We’re all gonna die

Me and my kid.

We’re all going to die. Sad, but kind of inevitable. I hope nobody is going to question that.

So, basically, every day, every minute, every second that we spend here on this earth we’re closer to death. Again, a really sad way to think about our existence, but one that gets too little credit, in my opinion.

We try not to think about it, because, obviously, it’s not the happiest of thoughts. But by doing that — by chasing away the thought that death is kind of a sure thing — we devalue our time.

I’m writing this while really tired and frustrated about several continuing projects that seem to go nowhere. While I keep banging my head against the wall, a thought keeps popping into my head — what’s the point? If I die tomorrow, or after a year, or ten years — what difference will the success of these projects will have made to my overall satisfaction with my life? How will I justify my time spent in meetings and conference calls and replying to endless emails? In what situation will that be more worthy to me than the time I spent with my family, friends, or simply reading a good book?

Same goes for other, much smaller details of our lives. My friend was very amused when I justified my reluctance to go to networking events or even talk to people that I didn’t find interesting with the same logic — every minute that passes is a minute closer to death. So why the hell am I spending these minutes talking to some douchebag and trying to be nice, keep the conversation flowing to seem polite and not hurt his feelings, when I could just turn around and go do something that I know will make me feel much better? Like, enjoy a sunset or write a blog post or talk to a friend, or just BE? How, in the end, will it make me feel — knowing that I spared some douchebag’s feelings instead of enjoying time with people that I know and love?

I know, this “memento mori” theme seems a bit morbid and dark. But I think putting things into a wider perspective sometimes is necessary.

We get so caught up in this “I have to do X” nonsense that without even understanding it, we become some mindless drones that keep repeating the same loop each day, trying to make everybody but the most important people in our lives feel good. We keep thinking about future profits and the good that will come out of our 80 hour workweeks and get so fixated on our future success that we completely deprive ourselves of the chance to actually enjoy the fruit of our labour.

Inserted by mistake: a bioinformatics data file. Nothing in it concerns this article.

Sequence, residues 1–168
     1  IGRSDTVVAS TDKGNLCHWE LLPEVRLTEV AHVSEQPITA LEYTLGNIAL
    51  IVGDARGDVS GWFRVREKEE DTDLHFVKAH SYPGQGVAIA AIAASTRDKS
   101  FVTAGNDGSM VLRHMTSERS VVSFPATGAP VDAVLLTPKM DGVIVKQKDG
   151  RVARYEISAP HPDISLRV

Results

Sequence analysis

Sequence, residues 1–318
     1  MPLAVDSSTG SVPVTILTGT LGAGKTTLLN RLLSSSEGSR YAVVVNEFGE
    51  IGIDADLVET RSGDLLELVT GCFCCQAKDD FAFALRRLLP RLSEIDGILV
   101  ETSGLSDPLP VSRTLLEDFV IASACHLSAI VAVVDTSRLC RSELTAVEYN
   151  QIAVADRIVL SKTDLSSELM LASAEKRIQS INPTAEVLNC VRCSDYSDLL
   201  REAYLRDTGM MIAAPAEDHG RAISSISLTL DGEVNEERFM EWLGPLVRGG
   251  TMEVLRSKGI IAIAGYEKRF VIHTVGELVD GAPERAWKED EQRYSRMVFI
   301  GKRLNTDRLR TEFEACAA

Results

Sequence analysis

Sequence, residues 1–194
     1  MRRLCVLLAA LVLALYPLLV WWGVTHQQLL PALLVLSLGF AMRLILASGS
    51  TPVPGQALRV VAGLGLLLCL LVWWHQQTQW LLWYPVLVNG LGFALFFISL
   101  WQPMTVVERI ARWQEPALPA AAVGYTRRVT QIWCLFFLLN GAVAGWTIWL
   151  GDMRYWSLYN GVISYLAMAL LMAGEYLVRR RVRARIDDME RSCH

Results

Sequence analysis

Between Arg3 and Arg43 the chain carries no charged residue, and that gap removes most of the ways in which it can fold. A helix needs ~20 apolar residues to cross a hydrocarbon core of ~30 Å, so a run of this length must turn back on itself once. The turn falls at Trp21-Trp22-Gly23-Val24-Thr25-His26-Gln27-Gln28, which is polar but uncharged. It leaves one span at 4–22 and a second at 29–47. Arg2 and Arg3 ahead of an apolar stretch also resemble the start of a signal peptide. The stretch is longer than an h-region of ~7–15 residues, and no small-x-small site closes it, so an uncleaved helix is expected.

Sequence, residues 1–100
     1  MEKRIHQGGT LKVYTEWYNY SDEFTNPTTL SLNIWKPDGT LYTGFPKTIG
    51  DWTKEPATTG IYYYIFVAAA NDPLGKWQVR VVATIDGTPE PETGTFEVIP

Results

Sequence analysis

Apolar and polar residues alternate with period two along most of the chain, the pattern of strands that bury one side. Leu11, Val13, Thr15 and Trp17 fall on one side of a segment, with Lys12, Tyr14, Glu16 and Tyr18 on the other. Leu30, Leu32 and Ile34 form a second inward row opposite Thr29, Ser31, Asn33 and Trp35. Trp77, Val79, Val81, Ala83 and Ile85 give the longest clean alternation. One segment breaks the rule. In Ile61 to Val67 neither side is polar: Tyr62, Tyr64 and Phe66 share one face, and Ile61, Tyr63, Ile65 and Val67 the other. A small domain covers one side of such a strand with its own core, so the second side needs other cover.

We keep trying to earn more money, skip working out, because it’s useless, give up reading, because it doesn’t bring any direct profit… And then we end up spending the cash on medicine and exotic vacations, because our brain needs some kind of chemical or sensory overload to snap out of the endless loop of “I gotta do this”. Or even worse — our bodies start falling apart.

We repeat to ourselves that sleep is for the weak and being a workaholic is cool and that we will rest when we have that down payment for the house or when the lease is paid for or when we get that promotion or whatever other condition is met. And then when it’s done we find millions of other reasons to continue this spiral and neglect our loved ones and ourselves.

But if we just stop and think about this one inevitable (at least for the foreseeable future) constant in all of our lives — death, does the bigger house or the promotion after five years of neglecting ourselves really matter so much? Will our children be happier if we leave them with more stuff, without really getting to know them? Will we have led a happier life if we sacrifice our youth and health and friendships in order to get that raise or pay for the BMW 7 instead of a 3? Do we REALLY have more time to do both? Ar we SURE?

Of course, having a great job and coworkers can also be very satisfying, and our professional life shouldn’t all be considered as “time wasted” — I’m not saying that. As well as I’m not saying that everything we do in our personal, free time is truly valuable. What I’m trying to say, really, is that we should all valuate our existence not by stuff that we may accrue over the course of it, or the strangers that we might please just because we have to, but instead look at our closest and, of course, ourselves, and think — will this really matter to me in ten years? Or to them — when I’m gone?

Thanks for your time. You’re now 4 minutes closer to death. I hope it was worth it ;)

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